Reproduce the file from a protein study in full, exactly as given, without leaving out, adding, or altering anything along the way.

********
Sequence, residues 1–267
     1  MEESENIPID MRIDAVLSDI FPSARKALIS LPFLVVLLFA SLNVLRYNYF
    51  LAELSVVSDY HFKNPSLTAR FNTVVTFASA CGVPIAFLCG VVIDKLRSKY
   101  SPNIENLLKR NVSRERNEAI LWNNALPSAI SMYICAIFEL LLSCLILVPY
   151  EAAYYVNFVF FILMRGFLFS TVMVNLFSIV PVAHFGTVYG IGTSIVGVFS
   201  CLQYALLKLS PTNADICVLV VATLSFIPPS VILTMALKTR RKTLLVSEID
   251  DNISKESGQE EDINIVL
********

Sequence, residues 1–267
     1  MEESENIPID MRIDAVLSDI FPSARKALIS LPFLVVLLFA SLNVLRYNYF
    51  LAELSVVSDY HFKNPSLTAR FNTVVTFASA CGVPIAFLCG VVIDKLRSKY
   101  SPNIENLLKR NVSRERNEAI LWNNALPSAI SMYICAIFEL LLSCLILVPY
   151  EAAYYVNFVF FILMRGFLFS TVMVNLFSIV PVAHFGTVYG IGTSIVGVFS
   201  CLQYALLKLS PTNADICVLV VATLSFIPPS VILTMALKTR RKTLLVSEID
   251  DNISKESGQE EDINIVL